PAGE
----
Male breasts or gynecomastia is not an uncommon problem. 70% of teens and 70% of older men may have this problem. In the majority of patients the problem usually resolves spontaneously in a few years. If you are one of the few for whom the problem does not resolve, you should seek an evaluation by a physician.
Your primary care provider will evaluate you for problems that may cause gynecomastia such as hormone disturbances, brain or testicular problems, breast diseases, genetic problems, or drug use like marijuana, alcohol abuse or digoxin use. Depending on the findings, you may be sent to see a specialist like an Urologist or an Endocrinologist. Once it has been determined that you need surgery to correct your problem you will be referred to a plastic surgeon.
Gynecomastia has different levels of severity ranging from Stage I is the lowest level with minimal breast tissue, to Stage III, the most severe that includes extra skin and breast tissue. Each stage may require a different surgical approach such as use of liposuction alone to remove breast tissue or use of liposuction in conjunction with surgical removal of breast tissue and skin, leaving a scare at the natural breast crease. In the latter, the nipple and areolar may be need to be removed and sutured back onto the chest.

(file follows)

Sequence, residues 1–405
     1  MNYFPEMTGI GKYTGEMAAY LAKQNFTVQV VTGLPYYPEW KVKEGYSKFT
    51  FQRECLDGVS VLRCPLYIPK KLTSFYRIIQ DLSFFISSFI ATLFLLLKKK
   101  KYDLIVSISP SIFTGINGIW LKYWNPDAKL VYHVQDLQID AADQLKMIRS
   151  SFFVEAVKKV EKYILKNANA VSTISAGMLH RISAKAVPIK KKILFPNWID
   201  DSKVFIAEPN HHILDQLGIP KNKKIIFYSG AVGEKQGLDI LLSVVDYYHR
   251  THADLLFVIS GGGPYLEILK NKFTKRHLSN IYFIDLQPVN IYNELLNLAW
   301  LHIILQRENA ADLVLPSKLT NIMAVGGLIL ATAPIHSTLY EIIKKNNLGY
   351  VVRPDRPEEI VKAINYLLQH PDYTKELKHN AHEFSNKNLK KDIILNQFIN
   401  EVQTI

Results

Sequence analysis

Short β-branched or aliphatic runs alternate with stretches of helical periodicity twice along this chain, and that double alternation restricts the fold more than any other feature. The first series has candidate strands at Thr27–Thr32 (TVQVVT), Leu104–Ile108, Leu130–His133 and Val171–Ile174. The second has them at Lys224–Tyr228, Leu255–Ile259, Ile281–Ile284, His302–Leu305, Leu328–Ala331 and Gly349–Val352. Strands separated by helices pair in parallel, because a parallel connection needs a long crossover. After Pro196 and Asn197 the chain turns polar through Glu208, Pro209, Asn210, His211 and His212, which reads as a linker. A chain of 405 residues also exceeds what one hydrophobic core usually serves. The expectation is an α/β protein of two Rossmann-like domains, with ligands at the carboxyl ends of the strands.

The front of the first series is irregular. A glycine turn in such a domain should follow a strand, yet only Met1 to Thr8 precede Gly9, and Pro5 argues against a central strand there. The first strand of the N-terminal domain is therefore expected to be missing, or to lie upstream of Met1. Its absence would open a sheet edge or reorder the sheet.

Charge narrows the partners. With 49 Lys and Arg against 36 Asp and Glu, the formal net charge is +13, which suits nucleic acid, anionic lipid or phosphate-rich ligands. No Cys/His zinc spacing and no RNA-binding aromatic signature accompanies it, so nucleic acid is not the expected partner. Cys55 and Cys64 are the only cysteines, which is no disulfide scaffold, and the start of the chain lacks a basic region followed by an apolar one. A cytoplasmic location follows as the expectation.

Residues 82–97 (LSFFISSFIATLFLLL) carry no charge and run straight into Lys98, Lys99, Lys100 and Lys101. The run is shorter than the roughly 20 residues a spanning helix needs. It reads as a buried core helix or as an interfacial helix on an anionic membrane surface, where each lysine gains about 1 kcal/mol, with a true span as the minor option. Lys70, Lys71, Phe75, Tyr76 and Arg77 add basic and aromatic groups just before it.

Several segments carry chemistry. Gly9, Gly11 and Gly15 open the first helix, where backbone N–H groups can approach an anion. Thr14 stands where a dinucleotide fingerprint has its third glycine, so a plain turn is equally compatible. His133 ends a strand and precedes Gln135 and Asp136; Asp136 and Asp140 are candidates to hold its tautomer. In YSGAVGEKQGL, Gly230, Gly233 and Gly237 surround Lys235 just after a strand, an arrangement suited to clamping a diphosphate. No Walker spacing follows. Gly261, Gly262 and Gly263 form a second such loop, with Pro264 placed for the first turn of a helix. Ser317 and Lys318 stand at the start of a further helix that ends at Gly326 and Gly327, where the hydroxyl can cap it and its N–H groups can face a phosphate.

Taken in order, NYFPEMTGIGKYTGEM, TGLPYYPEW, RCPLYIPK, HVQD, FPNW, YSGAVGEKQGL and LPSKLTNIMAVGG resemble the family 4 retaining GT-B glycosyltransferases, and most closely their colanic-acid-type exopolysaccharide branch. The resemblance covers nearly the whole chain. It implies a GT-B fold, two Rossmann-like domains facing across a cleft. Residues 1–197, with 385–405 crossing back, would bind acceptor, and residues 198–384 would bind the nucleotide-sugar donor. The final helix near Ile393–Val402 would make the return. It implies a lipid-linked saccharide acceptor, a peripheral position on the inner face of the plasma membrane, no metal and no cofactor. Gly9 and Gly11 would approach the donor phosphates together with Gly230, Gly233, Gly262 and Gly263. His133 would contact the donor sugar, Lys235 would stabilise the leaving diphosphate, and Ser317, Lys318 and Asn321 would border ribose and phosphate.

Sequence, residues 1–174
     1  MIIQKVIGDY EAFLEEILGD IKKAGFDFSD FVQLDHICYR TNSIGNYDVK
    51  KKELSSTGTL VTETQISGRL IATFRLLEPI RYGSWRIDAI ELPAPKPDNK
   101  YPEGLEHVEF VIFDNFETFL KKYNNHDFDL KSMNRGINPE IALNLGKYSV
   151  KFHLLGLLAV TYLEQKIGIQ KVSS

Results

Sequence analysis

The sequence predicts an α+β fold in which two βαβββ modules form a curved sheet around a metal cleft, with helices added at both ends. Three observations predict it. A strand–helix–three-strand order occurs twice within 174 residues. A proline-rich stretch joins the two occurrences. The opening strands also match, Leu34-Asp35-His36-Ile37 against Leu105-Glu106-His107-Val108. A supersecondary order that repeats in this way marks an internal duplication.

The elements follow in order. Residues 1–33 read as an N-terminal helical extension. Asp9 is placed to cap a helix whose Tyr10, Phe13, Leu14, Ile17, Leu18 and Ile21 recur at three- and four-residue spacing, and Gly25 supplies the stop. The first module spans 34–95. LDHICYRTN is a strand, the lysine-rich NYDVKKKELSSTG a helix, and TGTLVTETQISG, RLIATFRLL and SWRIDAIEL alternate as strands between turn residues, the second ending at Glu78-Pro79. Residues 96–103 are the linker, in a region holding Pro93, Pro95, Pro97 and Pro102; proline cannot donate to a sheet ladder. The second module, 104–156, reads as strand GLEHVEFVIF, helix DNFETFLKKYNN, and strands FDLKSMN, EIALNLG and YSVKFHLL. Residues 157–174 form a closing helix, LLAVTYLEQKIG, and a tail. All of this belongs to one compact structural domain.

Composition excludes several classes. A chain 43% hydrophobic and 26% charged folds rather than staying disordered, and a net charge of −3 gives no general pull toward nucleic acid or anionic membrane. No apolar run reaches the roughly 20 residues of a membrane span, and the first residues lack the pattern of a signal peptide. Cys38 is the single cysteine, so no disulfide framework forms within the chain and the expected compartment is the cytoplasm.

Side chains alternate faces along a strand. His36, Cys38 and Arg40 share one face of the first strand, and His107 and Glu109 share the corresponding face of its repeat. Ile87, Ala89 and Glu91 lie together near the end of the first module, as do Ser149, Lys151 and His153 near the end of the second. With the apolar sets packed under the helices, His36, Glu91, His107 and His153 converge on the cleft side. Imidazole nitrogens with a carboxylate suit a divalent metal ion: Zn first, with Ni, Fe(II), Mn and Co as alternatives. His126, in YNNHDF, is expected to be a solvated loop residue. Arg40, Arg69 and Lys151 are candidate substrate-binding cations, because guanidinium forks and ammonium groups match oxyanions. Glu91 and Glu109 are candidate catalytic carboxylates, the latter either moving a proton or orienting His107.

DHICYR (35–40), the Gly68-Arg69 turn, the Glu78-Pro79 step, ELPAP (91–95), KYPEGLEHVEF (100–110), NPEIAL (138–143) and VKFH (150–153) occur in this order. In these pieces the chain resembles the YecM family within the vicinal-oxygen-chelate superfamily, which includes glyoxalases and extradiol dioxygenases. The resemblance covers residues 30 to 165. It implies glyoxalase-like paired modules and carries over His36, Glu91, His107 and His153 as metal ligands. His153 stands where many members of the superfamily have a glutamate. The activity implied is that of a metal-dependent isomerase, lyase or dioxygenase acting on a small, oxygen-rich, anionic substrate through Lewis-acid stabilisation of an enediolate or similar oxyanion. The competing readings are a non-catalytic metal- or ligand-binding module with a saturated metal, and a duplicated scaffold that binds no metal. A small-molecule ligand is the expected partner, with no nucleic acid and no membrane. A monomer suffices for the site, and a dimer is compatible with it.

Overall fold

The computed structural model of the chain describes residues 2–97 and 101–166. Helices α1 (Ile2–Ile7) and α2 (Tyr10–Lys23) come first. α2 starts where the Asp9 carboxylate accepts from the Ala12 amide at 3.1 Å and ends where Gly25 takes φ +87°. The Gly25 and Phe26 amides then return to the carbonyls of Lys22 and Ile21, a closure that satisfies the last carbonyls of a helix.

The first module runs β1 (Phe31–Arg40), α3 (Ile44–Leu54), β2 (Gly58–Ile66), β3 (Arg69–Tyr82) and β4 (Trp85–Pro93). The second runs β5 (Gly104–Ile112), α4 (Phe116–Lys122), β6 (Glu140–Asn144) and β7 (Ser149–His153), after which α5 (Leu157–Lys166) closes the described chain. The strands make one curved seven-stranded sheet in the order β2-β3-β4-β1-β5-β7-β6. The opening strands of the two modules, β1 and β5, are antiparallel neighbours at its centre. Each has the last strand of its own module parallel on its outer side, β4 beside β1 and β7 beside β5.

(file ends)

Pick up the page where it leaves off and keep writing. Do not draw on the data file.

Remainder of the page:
Like all surgical procedures there are risks. Some of these include anesthetic reactions, pneumonia, blood clots, infection, bleeding, possible need for a blood transfusion, serums, pain, nipple numbness, nipple necrosis, skin necrosis, wound healing problems, scars, keloid scarring (particularly in people of color), fat necrosis, asymmetries, irregular contouring, no guarantee of size or amount removed, unexpected pathology findings, failure of nipple grafting and the need for revisions. Smoking has been found to be harmful during the perioperative period and may increase some risks significantly. Therefore, don’t smoke for at least 1-2 months before and after your procedure.
Gynecomastia surgery is usually performed as an outpatient procedure. Plan to have a family member or friend help you for a few days. Most patients need 2-3 weeks of recovery. You can expect certain restrictions during the postoperative period including no driving for 2-3 weeks, no lifting greater than 15 lbs, no strenuous activity, caring for a drain, and wearing a restrictive garment for about a month.
For more information about this or other procedures, please call 770-948-8421